Arguments on cultural and religious appropriation are a popular topic at Trinity and have been featured multiple times in the Trinitonian. Questioning the circumstances in which one can wear dreadlocks or adopt some other cultural practice, particularly if that culture has experienced oppression, is an important conversation to have. But, if I am to be entirely honest, the specifics of this ethical question are beyond me. What if you have been adopted into the culture, or are an anthropologist doing field research, or it’s done out of respect and appreciation? I feel generally unqualified to address these topics and would be much happier to leave it to our anthropologists and sociologists.
It seems to me, however, that there is one clear line that ought not be crossed: taking some tradition and appropriating it in a way that is entirely antithetical to its original purpose. This is what I feel has happened to St. Valentine’s day, a long-standing holy day in the calendar of the Catholic Church.
Few facts are known about the historical St. Valentine, but all sources agree he was martyred and beheaded by the Romans around A.D. 270. His skull is on display for veneration in Rome to this day. Most accounts show St. Valentine as a priest or bishop, so he was likely celibate. There are various accounts that the then-emperor of Rome had banned marriage on the basis that unmarried men would make better soldiers; other sources contend that it was simply a licentious and polygamous society. The common theme among these stories, however, is that St. Valentine promoted the Christian view of marriage and chastity, helping young couples get their marriages blessed in the Church.
St. Valentine’s day, as a holy day, was officially added to the Catholic calendar by Pope Gelasius I. Whether or not St. Valentine was martyred on February 14th is unverified. The common theory is that Pope Gelasius added the celebration of St. Valentine to counteract the still-prevalent Roman celebration Lupercalia — a fertility festival that featured whipping the crops and the women and pairing couples for sex through a random drawing. The pope’s idea was to retain a celebration of romance, marriage and chastity while removing the fornication and brutality. This holy day has long been a celebration, for Catholics, of God’s blessing on human love, marriage and sexuality — all in light of the sacrifice that true love incorporates, as shown by St. Valentine’s actions and ultimately by Christ’s death on the cross.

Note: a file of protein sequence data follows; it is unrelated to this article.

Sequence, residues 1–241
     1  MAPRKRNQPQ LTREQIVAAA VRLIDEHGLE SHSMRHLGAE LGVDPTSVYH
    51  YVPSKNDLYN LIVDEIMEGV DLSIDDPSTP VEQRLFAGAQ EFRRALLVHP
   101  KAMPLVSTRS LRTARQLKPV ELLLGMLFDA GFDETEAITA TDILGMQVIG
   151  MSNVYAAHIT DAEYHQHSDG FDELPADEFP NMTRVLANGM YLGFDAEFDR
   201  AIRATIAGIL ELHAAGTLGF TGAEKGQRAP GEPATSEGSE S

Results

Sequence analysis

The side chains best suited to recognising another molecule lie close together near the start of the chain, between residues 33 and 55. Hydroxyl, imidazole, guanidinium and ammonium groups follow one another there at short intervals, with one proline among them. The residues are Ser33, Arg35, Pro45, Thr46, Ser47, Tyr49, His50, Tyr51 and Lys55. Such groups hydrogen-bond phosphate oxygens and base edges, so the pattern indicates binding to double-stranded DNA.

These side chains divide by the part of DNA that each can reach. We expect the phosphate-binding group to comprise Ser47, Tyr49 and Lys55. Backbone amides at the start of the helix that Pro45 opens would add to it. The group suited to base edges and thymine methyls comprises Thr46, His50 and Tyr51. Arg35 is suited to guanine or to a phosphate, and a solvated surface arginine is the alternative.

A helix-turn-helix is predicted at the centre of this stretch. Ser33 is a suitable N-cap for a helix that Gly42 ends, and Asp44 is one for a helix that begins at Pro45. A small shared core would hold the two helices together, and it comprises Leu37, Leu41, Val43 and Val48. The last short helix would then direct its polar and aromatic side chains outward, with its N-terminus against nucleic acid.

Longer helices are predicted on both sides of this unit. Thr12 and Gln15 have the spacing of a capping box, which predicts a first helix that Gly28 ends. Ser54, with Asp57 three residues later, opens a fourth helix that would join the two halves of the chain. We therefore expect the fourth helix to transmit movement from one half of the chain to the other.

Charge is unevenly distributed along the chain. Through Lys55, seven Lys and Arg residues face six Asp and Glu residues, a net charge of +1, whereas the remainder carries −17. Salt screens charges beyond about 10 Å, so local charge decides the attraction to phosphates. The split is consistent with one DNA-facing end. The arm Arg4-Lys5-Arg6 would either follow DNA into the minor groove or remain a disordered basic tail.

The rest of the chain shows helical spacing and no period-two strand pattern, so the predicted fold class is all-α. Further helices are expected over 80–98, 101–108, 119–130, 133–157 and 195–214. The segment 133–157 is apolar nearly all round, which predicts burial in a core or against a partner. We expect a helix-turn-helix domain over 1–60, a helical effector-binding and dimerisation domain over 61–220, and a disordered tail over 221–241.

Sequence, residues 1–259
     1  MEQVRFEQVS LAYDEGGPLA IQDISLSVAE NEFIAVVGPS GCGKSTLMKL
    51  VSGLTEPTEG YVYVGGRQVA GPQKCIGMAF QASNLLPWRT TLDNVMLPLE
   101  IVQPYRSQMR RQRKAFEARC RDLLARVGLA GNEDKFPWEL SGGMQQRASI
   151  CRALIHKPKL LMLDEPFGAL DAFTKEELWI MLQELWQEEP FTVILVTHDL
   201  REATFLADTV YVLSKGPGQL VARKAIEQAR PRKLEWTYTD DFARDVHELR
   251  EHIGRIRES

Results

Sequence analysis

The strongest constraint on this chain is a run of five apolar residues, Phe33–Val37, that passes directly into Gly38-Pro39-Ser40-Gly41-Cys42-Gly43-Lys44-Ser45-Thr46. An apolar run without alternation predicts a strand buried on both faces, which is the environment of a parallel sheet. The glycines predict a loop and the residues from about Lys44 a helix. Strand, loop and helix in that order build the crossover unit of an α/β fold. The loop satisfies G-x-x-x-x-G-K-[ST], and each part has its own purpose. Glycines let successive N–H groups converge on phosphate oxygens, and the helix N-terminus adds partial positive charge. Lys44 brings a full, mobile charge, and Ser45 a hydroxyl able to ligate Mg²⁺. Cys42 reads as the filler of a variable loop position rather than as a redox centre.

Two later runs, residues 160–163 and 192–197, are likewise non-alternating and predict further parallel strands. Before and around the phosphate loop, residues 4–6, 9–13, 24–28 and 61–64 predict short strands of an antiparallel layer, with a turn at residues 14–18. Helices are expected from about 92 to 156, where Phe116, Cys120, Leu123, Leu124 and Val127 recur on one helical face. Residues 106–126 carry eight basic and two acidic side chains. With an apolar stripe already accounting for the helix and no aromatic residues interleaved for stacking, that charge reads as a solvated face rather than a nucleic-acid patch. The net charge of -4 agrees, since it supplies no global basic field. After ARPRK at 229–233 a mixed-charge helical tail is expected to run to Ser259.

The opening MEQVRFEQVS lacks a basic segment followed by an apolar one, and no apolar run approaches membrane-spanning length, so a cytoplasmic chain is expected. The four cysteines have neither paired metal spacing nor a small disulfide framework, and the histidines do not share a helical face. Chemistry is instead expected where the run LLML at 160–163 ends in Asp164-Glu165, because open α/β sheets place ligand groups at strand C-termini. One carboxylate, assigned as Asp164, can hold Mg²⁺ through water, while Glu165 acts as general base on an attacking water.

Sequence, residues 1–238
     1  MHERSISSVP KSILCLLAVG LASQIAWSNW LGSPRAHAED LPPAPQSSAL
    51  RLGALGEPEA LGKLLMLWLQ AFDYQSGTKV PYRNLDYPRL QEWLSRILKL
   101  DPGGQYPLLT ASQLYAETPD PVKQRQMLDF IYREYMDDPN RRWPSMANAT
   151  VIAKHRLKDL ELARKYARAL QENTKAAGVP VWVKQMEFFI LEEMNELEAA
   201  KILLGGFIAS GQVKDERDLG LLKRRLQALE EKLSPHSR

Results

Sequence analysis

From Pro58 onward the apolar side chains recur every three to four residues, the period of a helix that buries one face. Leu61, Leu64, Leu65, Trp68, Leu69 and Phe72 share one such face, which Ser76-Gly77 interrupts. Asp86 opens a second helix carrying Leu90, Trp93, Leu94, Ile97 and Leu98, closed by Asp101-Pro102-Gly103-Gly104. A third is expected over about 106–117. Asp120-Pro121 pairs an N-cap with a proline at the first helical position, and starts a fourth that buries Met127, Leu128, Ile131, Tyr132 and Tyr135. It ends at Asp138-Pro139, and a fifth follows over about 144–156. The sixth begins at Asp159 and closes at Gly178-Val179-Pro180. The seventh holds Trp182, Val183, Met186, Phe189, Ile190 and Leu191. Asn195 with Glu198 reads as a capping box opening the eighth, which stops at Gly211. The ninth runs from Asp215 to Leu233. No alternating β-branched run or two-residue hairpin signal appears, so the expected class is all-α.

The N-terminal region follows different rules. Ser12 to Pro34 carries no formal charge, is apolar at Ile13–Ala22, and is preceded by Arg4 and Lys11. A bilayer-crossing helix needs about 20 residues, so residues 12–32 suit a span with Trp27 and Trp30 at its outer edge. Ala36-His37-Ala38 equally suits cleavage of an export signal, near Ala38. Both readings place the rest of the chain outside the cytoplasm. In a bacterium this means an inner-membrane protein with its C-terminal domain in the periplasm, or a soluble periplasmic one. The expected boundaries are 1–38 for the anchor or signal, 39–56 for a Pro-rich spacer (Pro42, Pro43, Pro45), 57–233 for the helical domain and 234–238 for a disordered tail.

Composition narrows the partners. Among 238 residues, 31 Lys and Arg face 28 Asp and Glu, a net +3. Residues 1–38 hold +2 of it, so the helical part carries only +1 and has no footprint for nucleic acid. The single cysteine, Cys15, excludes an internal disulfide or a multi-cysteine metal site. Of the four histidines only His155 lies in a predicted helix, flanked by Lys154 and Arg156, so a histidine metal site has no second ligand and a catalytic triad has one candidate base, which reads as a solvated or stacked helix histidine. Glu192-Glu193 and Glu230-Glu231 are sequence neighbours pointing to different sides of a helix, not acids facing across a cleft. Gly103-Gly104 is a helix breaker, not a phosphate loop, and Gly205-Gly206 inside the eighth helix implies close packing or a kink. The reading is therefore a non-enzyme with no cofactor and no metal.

It is a frustration to me, then, when one of my church’s holy days is misappropriated, year after year, as a time to sell sex toys and celebrate casual sex. For non-Catholic couples to celebrate St. Valentine’s day with a romantic date is one thing. For the Trinitonian itself to encourage “healthy, casual sex” throughout much of last week’s “Love and Sex” issue is quite another. Catholics love romance and sex — just look at how big our families are — but we also love marriage and sacrificial love, and St. Valentine’s day is our celebration of bringing all those things together. To take some of those things without the others is a direct contradiction of the original intent of St. Valentine’s day, and a misappropriation of our religious tradition.
The article from the editors’ desk last week expressed how difficult it was for members of the Trinitonian to talk about love, and how much easier it is to simply talk about sex. The editor even issued a challenge to Trinity: to “get emotionally naked” with someone. In response, I am extending an invitation: come to Mass or to Alpha and talk to us about love. We would be more than happy to tell you about the one who died naked on a cross for love of us, to tell you about the saints who spent their lives loving him, and even to speak of the love we hope to give to our future spouses and to the community around us.